LAST year’s award-scooping production of Hay Fever, by Noel Coward, proved that Southend Shakespeare Company can do a dab job with playwrights not named William. If they ever think of changing their name, how about the Southend Light Comedy Society?

They have done it again with When We Are Married. Written by the all-time professional Yorkshireman J B Priestley, this comedy of mindsets and manners, first staged in 1938 but set in the Edwardian era, stands comparison with the best of Noel Coward and even Oscar Wilde.

is witty and funny (two quite different things), it is full of memorably flawed characters (only they do not recognise that they are flawed), and the dexterity with which the carefully crafted plot delivers  its succession of comic complication is like watching an industrial loom from one of Priestley’s beloved woollen towns at work.

Given such stoutly built theatrical material, it can be hard to go wrong, but SSC do more than not go wrong, they turn the play into a thing of crackle, pop, sparkle and grace. Malcolm Toll’s production runs so fast and smooth that you sometimes wish you could freeze-frame it for a moment, just to savour the best moments.

Three sets of smug, wealthy couples, all old friends, all married on the same day, meet to celebrate their silver anniversary. Then a bombshell drops – owing to a technicality in the wedding proceedings, they were never legally married. The revelation strips away all the complacency that has glued together their relationships across 25 years. The resultant furore is further enflamed by the arrival of a lurid floozy (gorgeously played by Madeline Ayres, dressed from head to foot in sinful scarlet) who can tell the ladies exactly what their husbands get up to in Blackpool.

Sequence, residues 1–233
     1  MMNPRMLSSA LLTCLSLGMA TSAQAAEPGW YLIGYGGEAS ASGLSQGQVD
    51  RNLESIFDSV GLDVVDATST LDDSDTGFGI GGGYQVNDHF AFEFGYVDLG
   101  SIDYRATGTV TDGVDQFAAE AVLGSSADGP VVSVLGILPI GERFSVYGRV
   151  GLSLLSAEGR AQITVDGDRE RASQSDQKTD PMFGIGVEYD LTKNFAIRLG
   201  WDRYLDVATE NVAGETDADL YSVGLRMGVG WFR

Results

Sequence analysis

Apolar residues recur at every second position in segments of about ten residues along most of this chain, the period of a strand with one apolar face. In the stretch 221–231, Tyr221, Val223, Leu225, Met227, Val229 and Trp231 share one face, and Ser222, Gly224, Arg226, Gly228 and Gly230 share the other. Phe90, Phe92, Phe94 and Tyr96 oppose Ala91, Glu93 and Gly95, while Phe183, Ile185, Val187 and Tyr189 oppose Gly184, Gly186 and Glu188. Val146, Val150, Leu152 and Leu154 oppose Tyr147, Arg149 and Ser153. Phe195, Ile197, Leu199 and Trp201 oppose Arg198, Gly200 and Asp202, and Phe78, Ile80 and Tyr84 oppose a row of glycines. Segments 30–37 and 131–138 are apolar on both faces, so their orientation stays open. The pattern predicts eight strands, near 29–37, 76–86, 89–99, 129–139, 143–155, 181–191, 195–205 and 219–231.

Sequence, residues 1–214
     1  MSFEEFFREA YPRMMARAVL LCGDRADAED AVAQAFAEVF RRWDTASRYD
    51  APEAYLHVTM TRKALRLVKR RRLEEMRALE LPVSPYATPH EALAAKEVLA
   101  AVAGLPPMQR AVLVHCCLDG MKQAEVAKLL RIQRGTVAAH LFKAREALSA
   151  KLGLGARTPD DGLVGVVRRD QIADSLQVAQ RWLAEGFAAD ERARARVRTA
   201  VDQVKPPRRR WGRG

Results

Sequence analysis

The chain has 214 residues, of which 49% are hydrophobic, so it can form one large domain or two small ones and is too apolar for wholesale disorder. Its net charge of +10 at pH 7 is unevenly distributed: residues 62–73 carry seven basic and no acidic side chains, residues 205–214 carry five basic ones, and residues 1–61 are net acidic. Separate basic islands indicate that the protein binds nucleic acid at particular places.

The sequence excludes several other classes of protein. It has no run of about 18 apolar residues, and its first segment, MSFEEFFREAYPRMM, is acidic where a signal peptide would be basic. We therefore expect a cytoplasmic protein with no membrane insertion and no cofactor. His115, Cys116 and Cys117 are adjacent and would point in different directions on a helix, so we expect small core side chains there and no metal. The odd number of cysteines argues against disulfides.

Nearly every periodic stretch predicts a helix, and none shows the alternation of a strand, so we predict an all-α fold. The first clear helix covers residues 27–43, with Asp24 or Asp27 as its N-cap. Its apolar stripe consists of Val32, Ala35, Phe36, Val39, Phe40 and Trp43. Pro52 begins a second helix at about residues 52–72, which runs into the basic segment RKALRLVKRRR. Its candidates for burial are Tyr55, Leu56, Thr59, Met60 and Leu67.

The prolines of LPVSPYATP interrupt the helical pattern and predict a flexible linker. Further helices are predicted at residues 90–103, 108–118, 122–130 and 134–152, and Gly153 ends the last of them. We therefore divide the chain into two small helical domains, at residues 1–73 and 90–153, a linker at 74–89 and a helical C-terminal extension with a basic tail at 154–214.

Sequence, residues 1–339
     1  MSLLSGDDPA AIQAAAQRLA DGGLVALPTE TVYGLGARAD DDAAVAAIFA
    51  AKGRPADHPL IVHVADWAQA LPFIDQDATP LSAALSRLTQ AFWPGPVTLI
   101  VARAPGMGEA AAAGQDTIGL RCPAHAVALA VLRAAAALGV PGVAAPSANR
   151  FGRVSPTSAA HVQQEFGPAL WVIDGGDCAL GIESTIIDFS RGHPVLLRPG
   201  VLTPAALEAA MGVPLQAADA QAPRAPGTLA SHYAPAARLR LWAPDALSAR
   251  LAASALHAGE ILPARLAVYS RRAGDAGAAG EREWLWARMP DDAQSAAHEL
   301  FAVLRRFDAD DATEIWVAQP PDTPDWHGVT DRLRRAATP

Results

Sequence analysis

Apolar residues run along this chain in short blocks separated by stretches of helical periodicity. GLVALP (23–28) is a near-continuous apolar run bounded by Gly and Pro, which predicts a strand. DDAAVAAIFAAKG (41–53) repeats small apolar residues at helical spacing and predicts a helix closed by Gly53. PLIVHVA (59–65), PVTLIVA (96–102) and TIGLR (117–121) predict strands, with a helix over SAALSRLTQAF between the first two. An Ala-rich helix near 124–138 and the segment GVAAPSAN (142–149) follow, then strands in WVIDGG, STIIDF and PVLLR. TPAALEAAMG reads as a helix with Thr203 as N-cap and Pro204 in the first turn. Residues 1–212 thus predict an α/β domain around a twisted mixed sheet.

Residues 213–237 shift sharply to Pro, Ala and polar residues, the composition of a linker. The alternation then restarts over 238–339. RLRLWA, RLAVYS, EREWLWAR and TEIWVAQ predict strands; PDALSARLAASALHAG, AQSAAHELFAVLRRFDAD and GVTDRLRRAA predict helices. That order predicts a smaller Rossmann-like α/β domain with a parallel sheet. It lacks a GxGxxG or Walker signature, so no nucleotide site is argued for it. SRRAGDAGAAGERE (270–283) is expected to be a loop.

The play is mostly just straight fun, but it does relish puncturing all the traditional English vices of pomposity, self-importance and humbug, and there is even an early hint of women’s lib. All this emerges particularly in a famous and delectable scene between the self-satisfied alderman, Albert Parker (Ross Norman-Clarke) and his gentle, long suffering wife (Joanne Seymour), in which, stroke by stroke, she steadily dismantles his ego. The noise of punctured hot air is almost explosive.

Ian Downie and Jacquee Storozynski-Toll, and John Newell and Sally Lightfoot, as the other couples, also to sterling work. But the evening, and possibly the Southend theatre year, belong to James Carter as the newspaper photographer Henry Ormonroyd, a rumpled drunkard and saloon-bar loudmouth who both adds to the chaos, and then ultimately solves it in his own leery way. What a character.  What a performance. And what a winner of a production.

When We Are Married is at the Palace Theatre (Dixon Studio), Westcliff, until Saturday Nov 28.